Red Runner beans freeze well. They can be baked or put through the food processor and added to pasta sauce (just don’t put in so many that you lose the red tomato color) or used like ground zucchini in recipes. Putting food-processed beans into pasta sauce, pizza sauce or casseroles is a stealthy method of getting children to eat them.
One more thing to love about Runner beans is that the ones that get too big to prepare as green beans still make something wonderful. Leave the overgrown beans on the vines until they go dry, and then harvest the big, beautiful bean seeds. These dried beans have a mild nutty flavor and are great in soups or pork-and-beans or beans-with-rice dishes.
Just buy some plants or start them early from seed. When they are big enough and the weather is warm enough, put them out in a sunny spot with supports to hold them up off the ground. Tomatoes come in so many varieties. Kids love little sweet cherry tomatoes right off the vine. I love heritage varieties that are purple or striped. Yellow tomatoes are lower in acid, which is good if you are prone to canker sores from too many red ones.
After gorging yourself on fresh tomatoes off the vine, set up the water bath canner, a big pot for making sauce, and lots of jars. I prefer large-necked jars because they double as hipster (or hillbilly) drinking glasses. I won’t try to give you all of the instructions and recipes here—go online or go out and find the Ball company’s Ball Blue Book Guide to Preserving. (I used to call it the “Blue Ball Canning Guide,” which got me funny looks in stores, but is easy to remember.) It’s an inexpensive paperback next to the jars and lids.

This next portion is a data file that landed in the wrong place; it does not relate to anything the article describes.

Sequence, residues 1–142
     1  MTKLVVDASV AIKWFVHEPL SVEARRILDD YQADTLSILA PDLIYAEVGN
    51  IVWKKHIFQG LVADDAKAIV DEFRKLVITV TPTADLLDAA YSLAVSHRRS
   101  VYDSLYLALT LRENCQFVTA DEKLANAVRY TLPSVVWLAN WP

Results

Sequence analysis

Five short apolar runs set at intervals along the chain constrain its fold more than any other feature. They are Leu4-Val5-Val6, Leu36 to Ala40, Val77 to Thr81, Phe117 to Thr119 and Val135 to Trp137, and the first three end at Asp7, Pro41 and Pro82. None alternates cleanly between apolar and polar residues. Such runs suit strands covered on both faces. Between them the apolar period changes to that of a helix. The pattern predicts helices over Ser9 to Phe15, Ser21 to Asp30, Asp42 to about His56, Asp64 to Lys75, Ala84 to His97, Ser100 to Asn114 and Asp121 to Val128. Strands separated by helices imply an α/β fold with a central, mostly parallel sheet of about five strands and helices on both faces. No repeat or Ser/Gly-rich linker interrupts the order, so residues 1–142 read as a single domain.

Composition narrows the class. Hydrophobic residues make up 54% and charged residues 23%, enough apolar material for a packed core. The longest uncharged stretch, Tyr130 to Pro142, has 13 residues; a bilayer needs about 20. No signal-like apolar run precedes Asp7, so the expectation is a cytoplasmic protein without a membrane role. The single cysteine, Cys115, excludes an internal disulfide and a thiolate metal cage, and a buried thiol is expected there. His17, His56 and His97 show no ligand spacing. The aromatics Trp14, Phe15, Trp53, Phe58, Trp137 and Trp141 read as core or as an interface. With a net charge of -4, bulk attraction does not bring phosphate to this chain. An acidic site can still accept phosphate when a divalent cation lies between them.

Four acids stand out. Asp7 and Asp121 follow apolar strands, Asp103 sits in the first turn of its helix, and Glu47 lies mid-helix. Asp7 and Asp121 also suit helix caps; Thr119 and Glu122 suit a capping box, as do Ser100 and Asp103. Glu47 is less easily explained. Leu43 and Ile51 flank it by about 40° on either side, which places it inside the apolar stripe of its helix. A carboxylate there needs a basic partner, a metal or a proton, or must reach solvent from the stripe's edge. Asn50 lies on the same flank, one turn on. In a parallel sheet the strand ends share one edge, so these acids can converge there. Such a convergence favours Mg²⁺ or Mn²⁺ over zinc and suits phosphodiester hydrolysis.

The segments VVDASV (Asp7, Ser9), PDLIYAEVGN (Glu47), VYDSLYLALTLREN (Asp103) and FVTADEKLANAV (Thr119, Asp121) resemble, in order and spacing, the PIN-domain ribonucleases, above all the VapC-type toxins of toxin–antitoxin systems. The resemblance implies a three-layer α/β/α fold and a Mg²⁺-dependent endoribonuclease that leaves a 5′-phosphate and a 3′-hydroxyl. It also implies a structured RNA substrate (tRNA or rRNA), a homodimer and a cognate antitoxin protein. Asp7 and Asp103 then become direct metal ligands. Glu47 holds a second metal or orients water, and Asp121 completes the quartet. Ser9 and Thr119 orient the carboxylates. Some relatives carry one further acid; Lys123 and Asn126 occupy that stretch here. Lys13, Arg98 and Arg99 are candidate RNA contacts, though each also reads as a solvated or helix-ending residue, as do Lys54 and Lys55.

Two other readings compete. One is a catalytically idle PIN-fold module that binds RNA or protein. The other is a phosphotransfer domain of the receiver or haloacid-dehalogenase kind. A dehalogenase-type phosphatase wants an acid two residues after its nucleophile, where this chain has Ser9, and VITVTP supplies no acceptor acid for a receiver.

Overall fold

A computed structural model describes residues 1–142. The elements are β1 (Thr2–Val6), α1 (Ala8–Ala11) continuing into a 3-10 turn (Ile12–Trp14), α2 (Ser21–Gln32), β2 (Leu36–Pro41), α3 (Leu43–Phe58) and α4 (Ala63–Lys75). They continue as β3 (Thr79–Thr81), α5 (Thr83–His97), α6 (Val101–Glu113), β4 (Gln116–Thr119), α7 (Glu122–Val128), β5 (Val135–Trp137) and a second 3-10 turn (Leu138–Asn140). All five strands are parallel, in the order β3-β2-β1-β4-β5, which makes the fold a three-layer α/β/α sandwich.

You can make plain tomato sauce, or fix it up with garlic and herbs from the get-go. Try the classic parsley, sage, rosemary, and thyme (like the old folk song). Try oregano. A little bit of lavender in the mix goes a long way. And of course, garlic!
You can also make and can your own salsa and ketchup. These are better than store bought and will have no hidden sugar. Our homemade salsas and ketchup are in hot demand as Christmas presents, house gifts, and potluck offerings.
You can also dry tomatoes in a dehydrator. These can go into sauces where they add a special flavor that is different than canned tomatoes. Or they can be stored in mason jars under olive oil with herbs, which makes a kind of extra beautiful and fancy antipasto thing to serve with French bread.
Zucchini & Summer Squash
Fresh Zucchini is ridiculously cheap and will sometimes arrive on a doorstep, along with the excess fresh tomatoes. Steamed, it is boring. It’s much better to brush it with oil and herbs and then put it on the grill. It can also be breaded (that is, dipped in egg and then fine bread or cracker crumbs) and fried, which children love served with ranch or bleu cheese dressing.
My favorite way to preserve zucchini is to dry it with the dehydrator. Slices of zucchini, tossed with olive oil, salt, and pepper or herbs, make “zoo chips” for snacking. Shredded, it can be rehydrated with hot water and then used in recipes for zucchini cake, or snuck into soups and sauces in the same stealthy way as runner beans.
Yellow summer squashes and patty pan squashes can do anything that a zucchini can do, but they have a sweeter, nuttier taste. I love them steamed or stir-fried out of the garden.